local moments in Kondo lattices are strongly coupled to each other; and the collective interactions result in a reconstruction of the electronic DOS that must be simultaneously considered. Indeed, recent studies on heavy-fermion metals [15,18] have also suggested the inadequacy of the classical Fano analysis. To account for the evolution of the electronic structure in Kondo lattices, Maltseva et al.  calculated the tunneling current based on the large-N mean field theory. The differential tunneling conductance obtained in the study is given by ~ KL
G (V ) ∝ Im Gψ (eV );
⎡ Φ2 ⎤ eV + D1 − 2 ⎢ qΔ 2 eV − λ ⎥⎥ + 2 D / tC ) ln ⎢ Gψ (eV ) = (1 + 2 eV − λ ⎢ eV − D − Φ ⎥ eV − λ 2 ⎢⎣ eV − λ ⎥⎦ ~ KL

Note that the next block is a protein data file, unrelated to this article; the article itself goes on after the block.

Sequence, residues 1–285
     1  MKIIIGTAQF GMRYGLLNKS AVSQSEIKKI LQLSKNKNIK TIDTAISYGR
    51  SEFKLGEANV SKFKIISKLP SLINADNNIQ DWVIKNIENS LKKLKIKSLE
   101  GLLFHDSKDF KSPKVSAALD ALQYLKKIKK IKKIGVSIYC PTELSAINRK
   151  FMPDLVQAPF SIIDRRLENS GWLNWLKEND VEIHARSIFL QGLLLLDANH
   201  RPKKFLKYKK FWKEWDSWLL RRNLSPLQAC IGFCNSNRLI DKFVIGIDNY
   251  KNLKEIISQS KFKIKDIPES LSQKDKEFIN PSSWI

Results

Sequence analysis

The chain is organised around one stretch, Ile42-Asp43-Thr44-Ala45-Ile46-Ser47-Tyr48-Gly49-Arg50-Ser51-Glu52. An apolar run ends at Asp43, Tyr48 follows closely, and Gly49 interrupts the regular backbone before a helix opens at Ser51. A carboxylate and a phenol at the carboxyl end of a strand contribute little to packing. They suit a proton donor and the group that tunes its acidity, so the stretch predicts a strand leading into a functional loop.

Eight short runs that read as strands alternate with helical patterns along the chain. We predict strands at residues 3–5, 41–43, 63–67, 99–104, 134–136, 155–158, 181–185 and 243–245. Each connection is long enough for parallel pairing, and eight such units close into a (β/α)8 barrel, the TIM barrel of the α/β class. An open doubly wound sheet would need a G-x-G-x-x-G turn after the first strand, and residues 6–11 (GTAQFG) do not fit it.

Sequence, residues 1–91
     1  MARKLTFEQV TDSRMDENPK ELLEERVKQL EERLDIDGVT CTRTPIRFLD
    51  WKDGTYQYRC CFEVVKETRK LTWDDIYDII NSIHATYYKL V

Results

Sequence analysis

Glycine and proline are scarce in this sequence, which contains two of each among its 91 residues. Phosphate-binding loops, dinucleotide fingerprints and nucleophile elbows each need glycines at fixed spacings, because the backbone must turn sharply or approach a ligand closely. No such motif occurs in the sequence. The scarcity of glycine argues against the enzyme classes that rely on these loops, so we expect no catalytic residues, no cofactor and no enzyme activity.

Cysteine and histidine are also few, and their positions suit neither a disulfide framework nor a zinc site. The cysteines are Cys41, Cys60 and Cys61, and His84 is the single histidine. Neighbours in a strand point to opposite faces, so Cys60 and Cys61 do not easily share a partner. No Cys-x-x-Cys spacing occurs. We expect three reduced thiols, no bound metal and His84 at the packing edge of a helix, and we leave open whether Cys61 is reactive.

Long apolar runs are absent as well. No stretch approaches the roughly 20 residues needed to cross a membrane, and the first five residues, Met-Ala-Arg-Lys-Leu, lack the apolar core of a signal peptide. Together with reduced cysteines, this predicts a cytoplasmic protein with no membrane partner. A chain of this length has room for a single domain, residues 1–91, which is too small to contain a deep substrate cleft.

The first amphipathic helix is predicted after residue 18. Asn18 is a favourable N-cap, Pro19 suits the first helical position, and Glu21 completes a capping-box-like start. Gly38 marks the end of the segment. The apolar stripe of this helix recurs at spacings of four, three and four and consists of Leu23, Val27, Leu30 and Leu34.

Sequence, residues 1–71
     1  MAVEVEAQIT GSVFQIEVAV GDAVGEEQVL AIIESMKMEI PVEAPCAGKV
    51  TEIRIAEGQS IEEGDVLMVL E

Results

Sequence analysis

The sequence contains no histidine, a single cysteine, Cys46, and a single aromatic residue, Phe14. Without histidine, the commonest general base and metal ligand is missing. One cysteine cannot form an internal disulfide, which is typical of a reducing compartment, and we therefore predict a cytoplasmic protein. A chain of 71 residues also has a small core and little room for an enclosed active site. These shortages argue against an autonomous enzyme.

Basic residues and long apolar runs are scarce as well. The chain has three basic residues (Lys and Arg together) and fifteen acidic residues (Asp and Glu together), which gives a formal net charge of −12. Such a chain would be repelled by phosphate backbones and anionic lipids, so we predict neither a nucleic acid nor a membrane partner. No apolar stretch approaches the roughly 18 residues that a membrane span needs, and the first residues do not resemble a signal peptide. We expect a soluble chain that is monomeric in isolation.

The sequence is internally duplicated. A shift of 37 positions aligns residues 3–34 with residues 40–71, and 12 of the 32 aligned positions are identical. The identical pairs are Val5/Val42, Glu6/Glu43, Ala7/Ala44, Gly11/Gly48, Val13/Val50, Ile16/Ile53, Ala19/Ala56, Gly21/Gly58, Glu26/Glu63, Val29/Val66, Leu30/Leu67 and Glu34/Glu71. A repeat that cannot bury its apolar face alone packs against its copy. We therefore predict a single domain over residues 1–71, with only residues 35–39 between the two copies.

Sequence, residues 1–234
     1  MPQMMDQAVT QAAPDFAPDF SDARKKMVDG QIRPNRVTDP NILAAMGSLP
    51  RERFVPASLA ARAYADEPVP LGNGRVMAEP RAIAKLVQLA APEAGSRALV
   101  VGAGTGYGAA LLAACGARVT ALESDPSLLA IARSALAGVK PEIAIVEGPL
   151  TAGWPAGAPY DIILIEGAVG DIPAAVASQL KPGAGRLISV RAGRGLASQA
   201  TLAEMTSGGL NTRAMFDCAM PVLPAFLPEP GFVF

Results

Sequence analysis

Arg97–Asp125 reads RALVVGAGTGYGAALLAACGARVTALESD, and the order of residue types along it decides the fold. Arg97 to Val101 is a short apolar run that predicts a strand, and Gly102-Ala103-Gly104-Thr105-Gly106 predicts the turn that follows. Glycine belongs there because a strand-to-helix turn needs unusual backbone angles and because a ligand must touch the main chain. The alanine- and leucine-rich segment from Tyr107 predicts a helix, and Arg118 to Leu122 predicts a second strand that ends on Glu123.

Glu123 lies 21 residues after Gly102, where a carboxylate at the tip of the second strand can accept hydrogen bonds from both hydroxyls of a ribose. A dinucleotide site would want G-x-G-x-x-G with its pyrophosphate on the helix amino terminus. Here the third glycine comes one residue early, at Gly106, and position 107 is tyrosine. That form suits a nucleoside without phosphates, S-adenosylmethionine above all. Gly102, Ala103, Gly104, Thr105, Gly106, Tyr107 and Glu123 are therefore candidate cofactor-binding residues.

where –D1 and D2 are respectively the lower and the upper conduction band edges, 2D = D1+D2 is the bandwidth, ∆ is the width of the Kondo resonance, λ is the renormalized f-level and 2Ф is the direct gap in momentum space. The Fano factor q = (Фtf)/(∆tc), where tf and tc are the matrix amplitudes for tunneling into the Kondo states and into the itinerant electrons, respectively. Finally, the indirect hybridization gap ∆hyb. is given by 2Ф2/D. To represent the quasiparticle broadening effect, a γ0 term is introduced . As a consequence, the energy, eV, in Eq. 2 is replaced by eV-iγ0. With a background representing the DOS at high temperatures, the best fits (Supplementary information) to our experimental data based on Eq. 2 are shown as solid lines in FIG. 2a. The results indicate a nearly constant λ term of ~0.5 meV in the whole temperature range (FIG. 2b), suggesting that the renormalized f-level is pinned slightly above the Fermi-level of the Kondo insulator. The simulations also result in a constant Kondo resonance width of about 6.7 mV, which is consistent with the scale of the Kondo temperature (~80 K). FIG. 2e shows the temperature dependence of the hybridization gap calculated from the hybridization amplitude (FIG. 2d) and the band width. At temperatures below 30 K, the hybridization gap retains a constant value of about 18 meV, which is consistent with the gap size determined by lowtemperature resistivity [23,40], specific heat , and optical reflectivity studies . The hybridization gap decreases at higher temperatures and completely vanishes at a temperature around 100 K. The remarkable agreement between our experimental data and the model of Maltseva et al. (Eq. 2)  provides the first direct evidence for the simultaneous development of the Kondo coherent state and the hybridization gap in a Kondo insulator. Based on the temperature range (30-40 K) where the classical Fano lineshape fails to adequately describe the data, we conclude that correlation effects and the ensuing change in the DOS play a physically significant role at surprisingly high temperatures. In fact, in this temperature range, the electrical resistivity increases dramatically and the Hall voltage changes sign , which links the telltale characteristics of SmB6 convincingly to Kondo correlation effects. One unaddressed question remains, however, and it is central to the controversy surrounding the proper description of SmB6: why does the resistivity not diverge, but become temperatureindependent below 4 K (FIG. 3a)? The answer has typically been that it is due to in-gap states , either due to impurities, incomplete hybridization, or some more exotic scenario. There is surprisingly little direct evidence that any in-gap bound states exist – claims of a 3.5 meV activation energy are based on fits to resistivity data from 5-50 K, specifically in a temperature range where the hybridization gap is temperature dependent and activated behavior would not be expected.